command: ag -l "$0" && vim -c "bufdo %s/$0/$1/gc" $(ag -l "$0")
  enable_positional_arguments: true

The above alias allows you to do the following:

vim-replace old_text new_text

This replaces $0, $1 etc with the arguments you send to your alias.

This currently assumes that your position keys are continuous. For example if you have $0, $1, $5 then it will not work.

User Aliases

Maybe you want to import a friends aliases or use aliases relevant to your work, aliases makes that easy:

# create a new aliases file for a user

aliases init --user superman

This will create a new empty .aliases-superman file in the current directory and add the user superman to the list of alias users.

If your repo already has a .aliases-superman the file will be left untouched and the user superman will be added to your list of alias users.

The next time you run aliases rehash, all superman aliases in all initialized directories will be updated.

User aliases are merged together to create a list of available aliases.

If there are clashing aliases the alias user prioritized highest wins.

You can see all users and their prioritization using:

aliases users

To change the prioritization order of the user, you currently need to edit the user list in the config file.

cat ~/.aliases_cfg

And to temporally bump a user to the top with env var, like when you are pairing and sharing your shell:

export ALIASES_USER=superman

You can also pull and sync user aliases with github as:

aliases clone sebglazebrook                             # this could pull from github.com/sebglazebrook/.aliases repo
aliases clone sebglazebrook https://some-other-address  # pulls from the given repo
aliases pull sebglazberook                              # pull and show the diff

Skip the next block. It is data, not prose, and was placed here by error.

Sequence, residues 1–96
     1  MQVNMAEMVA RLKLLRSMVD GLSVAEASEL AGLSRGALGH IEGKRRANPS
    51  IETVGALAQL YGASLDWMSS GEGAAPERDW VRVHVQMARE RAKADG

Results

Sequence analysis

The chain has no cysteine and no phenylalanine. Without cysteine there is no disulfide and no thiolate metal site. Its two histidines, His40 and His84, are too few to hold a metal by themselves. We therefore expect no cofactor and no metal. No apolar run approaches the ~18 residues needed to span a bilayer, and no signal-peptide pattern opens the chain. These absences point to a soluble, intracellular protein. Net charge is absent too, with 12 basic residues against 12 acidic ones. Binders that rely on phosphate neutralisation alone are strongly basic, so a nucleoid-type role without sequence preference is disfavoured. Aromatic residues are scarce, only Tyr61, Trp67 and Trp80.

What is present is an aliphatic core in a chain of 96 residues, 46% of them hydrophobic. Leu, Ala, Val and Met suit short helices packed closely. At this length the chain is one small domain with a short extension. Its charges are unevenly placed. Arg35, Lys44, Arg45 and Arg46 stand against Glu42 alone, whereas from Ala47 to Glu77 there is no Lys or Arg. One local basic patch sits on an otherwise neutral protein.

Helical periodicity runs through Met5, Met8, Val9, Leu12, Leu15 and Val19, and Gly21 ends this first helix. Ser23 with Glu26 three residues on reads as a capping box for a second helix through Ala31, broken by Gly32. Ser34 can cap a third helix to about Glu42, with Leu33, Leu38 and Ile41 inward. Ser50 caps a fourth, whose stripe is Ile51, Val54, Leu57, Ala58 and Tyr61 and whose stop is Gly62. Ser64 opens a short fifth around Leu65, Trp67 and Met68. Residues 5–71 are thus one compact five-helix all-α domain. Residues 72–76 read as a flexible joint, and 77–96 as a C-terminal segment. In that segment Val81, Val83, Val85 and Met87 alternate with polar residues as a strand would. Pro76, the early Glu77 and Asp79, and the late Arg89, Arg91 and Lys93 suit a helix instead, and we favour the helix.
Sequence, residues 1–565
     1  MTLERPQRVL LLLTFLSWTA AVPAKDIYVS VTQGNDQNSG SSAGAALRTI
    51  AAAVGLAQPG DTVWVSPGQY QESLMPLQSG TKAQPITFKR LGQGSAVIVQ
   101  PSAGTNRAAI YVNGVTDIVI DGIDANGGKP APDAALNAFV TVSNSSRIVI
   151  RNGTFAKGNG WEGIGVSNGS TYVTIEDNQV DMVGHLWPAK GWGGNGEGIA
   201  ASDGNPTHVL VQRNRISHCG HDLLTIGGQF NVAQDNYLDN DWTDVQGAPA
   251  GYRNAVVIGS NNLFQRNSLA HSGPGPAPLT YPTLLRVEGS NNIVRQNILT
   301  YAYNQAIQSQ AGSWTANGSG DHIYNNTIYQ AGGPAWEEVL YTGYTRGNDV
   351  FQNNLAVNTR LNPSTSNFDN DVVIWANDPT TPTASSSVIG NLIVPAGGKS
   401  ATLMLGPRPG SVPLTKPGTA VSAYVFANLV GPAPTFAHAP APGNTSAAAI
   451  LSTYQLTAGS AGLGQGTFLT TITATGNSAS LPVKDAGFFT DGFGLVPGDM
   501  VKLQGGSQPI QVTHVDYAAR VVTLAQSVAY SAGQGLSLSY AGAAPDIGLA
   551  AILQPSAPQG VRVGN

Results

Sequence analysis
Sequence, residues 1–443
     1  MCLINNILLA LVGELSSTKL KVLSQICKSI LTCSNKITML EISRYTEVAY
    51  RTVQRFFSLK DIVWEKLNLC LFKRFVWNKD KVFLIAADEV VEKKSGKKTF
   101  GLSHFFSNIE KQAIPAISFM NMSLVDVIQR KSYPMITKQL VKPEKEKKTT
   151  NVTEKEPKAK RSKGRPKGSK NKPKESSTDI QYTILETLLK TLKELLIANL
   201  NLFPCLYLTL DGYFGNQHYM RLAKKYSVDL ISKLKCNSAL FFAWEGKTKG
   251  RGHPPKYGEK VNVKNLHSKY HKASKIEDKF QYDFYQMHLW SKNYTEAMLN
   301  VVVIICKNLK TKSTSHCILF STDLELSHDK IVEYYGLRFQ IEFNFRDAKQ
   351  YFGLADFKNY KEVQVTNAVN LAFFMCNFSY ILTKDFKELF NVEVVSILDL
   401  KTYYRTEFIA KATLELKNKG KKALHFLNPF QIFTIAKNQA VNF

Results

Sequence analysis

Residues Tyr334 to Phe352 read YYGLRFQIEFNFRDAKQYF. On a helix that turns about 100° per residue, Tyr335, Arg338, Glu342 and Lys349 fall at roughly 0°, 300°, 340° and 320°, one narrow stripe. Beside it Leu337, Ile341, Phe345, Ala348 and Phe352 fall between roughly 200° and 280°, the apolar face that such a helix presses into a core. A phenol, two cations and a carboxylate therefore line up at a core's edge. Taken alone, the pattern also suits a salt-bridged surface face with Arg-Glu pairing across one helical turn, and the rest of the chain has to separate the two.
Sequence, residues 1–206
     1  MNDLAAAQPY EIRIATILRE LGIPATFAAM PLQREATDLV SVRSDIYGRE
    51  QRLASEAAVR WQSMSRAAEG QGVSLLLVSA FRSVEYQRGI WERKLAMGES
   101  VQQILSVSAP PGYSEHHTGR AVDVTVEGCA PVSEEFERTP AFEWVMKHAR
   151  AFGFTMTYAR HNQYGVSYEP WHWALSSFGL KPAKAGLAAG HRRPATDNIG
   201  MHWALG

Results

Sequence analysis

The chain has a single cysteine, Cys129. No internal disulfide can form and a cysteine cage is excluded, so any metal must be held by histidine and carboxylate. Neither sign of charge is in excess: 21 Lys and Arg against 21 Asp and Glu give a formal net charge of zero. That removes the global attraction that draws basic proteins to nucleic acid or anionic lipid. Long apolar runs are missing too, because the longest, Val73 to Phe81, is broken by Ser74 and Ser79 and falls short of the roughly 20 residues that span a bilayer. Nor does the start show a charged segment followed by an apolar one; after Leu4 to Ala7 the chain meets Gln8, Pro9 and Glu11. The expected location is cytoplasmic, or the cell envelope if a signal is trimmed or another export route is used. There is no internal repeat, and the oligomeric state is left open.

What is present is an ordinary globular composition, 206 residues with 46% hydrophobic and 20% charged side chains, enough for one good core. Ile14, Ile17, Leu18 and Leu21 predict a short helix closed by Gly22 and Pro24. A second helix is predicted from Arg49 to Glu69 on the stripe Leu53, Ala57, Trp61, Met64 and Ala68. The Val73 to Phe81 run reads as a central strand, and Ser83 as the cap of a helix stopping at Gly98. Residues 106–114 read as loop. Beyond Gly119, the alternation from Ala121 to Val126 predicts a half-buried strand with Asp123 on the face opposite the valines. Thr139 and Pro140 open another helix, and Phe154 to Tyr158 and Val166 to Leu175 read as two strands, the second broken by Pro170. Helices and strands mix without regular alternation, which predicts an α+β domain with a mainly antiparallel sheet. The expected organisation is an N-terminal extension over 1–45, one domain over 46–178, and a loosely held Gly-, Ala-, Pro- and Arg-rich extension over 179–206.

Contributing

Do the normal things, fork the code and make a PR.

We use docker containers so we can share the same development environment. Some aliases are in this repository to help you to get up to speed. Here the list:

  • release - generates a new release given the version-number
  • run-tests - run all the tests
  • workspace - connect to docker environment (uses the alias docker-machine-name to get it)

Bugs to fix

  • Handle different process signals
  • Check user's config is out of whack, like they are missing a key, it blows up
  • Being able to actually run the unit tests :-)
  • When listing, aliases alert the user if the dir hasn't been initialized

Small improvements to come

  • Handle when numbers args are not in order
  • Add description of alias that can be seen in list view
  • Sort aliases lists better and make it more obvious which ones are local
  • Colors for user interactions
  • Use a thread pool when running rehash command to avoid too many threads
  • In list view add more data about the aliases, user etc
  • Allow multi-line command that display is list view well

Possible future features

  • Clean uninstall, removing shims etc
  • Allow user to set a default shell or override the default shell. Currently all aliases are hardcoded to run inside a bash shell, could be sh or zsh